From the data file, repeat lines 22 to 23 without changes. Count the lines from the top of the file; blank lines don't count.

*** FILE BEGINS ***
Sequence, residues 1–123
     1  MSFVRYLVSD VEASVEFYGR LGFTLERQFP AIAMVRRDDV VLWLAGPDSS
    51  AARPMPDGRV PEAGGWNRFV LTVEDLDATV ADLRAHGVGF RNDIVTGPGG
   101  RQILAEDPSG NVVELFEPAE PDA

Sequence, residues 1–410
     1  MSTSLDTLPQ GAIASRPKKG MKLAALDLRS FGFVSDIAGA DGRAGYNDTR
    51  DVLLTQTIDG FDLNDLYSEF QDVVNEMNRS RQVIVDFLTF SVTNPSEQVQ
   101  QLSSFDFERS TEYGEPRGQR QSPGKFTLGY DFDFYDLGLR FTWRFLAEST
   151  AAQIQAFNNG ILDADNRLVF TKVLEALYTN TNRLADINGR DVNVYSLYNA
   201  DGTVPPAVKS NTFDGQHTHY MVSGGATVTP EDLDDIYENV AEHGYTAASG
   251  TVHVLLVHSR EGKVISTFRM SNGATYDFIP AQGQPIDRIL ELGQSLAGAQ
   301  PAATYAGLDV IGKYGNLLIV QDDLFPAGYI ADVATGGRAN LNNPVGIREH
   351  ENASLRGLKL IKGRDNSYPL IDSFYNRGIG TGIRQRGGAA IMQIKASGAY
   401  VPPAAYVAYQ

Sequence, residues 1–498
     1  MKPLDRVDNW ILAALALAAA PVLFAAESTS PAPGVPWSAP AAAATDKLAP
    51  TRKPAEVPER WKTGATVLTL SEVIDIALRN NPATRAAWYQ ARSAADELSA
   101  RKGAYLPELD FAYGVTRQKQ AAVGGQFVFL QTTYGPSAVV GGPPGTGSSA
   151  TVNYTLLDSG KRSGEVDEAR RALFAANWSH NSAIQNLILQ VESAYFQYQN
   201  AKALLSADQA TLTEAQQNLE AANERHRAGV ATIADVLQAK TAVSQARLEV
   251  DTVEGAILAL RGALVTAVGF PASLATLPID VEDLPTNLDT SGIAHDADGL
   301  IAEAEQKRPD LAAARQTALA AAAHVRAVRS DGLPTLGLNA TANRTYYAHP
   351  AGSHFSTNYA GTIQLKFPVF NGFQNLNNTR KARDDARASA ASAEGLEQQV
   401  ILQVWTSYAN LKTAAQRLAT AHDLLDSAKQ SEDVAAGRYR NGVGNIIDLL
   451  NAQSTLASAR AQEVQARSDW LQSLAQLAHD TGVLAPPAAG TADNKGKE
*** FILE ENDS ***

   301  IAEAEQKRPD LAAARQTALA AAAHVRAVRS DGLPTLGLNA TANRTYYAHP
   351  AGSHFSTNYA GTIQLKFPVF NGFQNLNNTR KARDDARASA ASAEGLEQQV